Category Archives: Movies

Ghostbusters 2016

Yesterday, my wife and I went to see the new Ghostbusters movie.  I’ve grown accustomed to present-day remakes and ‘reboots’ being a disappointment, but in that respect, the new version did well.  The characters fit the story, and the story flowed well.  I was entertained.  To its credit, the movie contemplates aspects of the Ghostbusters story that the original skipped, like the characters’ pasts, and the development of the tools.

To be sure, the movie turns, like most modern remakes, on overwrought computer-enhanced visuals rather than dialogue.  It has its funny moments, but lacks the sparkle and wit of the original.  I waited in vain for someone to say something like, “When someone asks if you’re a god, you say ‘YES!’!”  The scenes set in the subway were a bit lame, as well: I used to work for the outfit, and know how things are supposed to work.  But on the whole, I was enjoying myself, so these are minor quibbles.

What’s more distressing is in the details, where we see how the world has changed in the last 30 years.  It isn’t that the Ghostbusters are women this time around: it’s that they don’t know to call themselves ‘Ghostbusters’ until someone on television calls them that.  The original Ghostbusters entered the trade to ‘get rich,’ i.e. to make a productive living: the new ones don’t worry about that.  And the relationship between the Ghostbusters and the government is different: in the original, the Ghostbusters are left alone until an EPA bureaucrat decides they may be harming the environment; in the new version, they’re called before the Mayor before anything really happens, and are told to go about their business, even though they will be denounced as a fraud.

It’s a pleasant entertainment for a Saturday afternoon, but, alas, you can’t go home again.

Remembering Paris

A week ago Friday, Islamic terrorists associated with ISIS executed a series of attacks in Paris, at a sports arena, a music hall, a restaurant, and several other sites.  They killed 129 people and left over 300 wounded.

I was horrified, but not particularly surprised.  Two weeks before, ISIS planted a bomb on a Russian airliner full of tourists returning home from Egypt.  The plane dropped out of the sky, and all 224 on board was killed.  The Russians, more than us, have stirred up the ISIS hornet’s nest, and now we’re facing the consequences.  (Then again, we built ISIS, but that’s another story.)

The next day (a week ago Saturday), my wife and I went to see the new James Bond movie, Spectre.  One of the trailers was for London has Fallen, an upcoming action movie in which terrorists blow up, well, London.  It seemed in poor taste after the events of the previous day.  But I suppose that the show must go on.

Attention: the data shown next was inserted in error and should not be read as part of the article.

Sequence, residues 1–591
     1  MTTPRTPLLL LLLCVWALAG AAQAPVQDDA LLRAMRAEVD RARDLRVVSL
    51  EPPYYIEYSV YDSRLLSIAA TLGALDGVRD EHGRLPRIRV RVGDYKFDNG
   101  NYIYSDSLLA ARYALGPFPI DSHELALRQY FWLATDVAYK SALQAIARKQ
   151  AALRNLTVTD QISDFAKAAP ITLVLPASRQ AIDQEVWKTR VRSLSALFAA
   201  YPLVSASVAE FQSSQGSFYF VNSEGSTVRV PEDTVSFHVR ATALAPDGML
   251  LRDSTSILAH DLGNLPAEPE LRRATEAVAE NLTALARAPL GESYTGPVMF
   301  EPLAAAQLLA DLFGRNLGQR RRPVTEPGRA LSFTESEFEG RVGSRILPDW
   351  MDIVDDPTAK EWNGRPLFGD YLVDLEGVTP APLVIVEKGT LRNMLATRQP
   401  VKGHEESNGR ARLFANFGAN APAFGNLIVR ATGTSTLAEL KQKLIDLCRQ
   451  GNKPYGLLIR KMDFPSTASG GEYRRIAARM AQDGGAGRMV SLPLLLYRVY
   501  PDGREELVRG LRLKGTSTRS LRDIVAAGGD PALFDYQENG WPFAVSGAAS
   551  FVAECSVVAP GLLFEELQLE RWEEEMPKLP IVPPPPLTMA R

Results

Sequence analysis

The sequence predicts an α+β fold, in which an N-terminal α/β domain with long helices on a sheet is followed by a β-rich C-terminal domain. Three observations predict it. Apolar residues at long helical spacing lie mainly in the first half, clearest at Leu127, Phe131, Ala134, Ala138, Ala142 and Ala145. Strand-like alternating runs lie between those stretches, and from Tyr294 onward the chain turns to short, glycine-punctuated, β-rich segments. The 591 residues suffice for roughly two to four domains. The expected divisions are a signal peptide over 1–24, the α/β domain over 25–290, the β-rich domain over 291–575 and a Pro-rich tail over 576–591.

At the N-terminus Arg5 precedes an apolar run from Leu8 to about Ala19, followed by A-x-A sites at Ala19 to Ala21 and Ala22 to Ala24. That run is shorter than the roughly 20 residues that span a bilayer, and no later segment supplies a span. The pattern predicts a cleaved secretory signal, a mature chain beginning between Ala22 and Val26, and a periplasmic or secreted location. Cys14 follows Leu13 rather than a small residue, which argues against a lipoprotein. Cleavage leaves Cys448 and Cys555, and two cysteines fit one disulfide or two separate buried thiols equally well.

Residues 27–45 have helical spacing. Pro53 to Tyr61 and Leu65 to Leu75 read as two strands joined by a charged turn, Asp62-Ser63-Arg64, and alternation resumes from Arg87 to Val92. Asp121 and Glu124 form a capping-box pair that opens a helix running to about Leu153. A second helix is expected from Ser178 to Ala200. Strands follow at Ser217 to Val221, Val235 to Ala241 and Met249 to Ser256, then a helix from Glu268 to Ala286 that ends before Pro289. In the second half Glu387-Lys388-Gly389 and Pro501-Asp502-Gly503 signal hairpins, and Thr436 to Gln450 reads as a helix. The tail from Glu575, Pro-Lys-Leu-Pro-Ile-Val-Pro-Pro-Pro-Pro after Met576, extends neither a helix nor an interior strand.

Spectre was a pleasant afternoon’s entertainment, without so much emphasis on Bond’s personal problems.  But it’s consistent with the new generation of Bond films in that Bond’s adversary resolves into a non-rogue agent of the same government that Bond himself serves.  The plot revolves around a ‘Nine Eyes’ surveillance initiative by which nine countries would pool their resources and share surveillance data on all their citizens.  But, in real life, there is a ‘Five Eyes’ surveillance agreement between the US, the UK, Canada, Australia, and New Zealand.  It seems pointless for Bond to appear in a movie trying to thwart a plot that is already in operation in real life.

Saturday night, the Democratic Presidential candidates had a debate.  I watched some of it after the fact, and lost interest: the candidates are too much in agreement with each other.  But Hillary Clinton was called out for not wanting to say that we were at war with ‘radical Islam.’

On one level, I agree with her: it’s ludicrous to say that one is ‘at war with Islam.’  A religion is a set of ideas: software for the brain.  It’s almost like saying one is at war with Microsoft Word.   But the principles of Islam are a driving force for the terrorists.  That’s why I prefer to refer to our adversary as ‘Islamic terrorists,’ and what makes Hillary’s use of ‘jihadist’ evasive.

As I watched the evening news this week, and they regurgitated the Paris attacks, I realized that I was supposed to be frightened.  I don’t see the point: quivering in fear accomplishes nothing.  Even the Parisians understand that: they have been coming together at the Place de la Republique to talk, and heal, and move forward.

But our leadership is latching on to the event to tell us that we need yet more surveillance, and that those evil companies, Apple and Google, have released software that enables individuals to send encrypted messages that the government can’t read!  They have to be stopped!  And, by the way, you can blame this all on Edward Snowden, for spilling the beans about the NSA.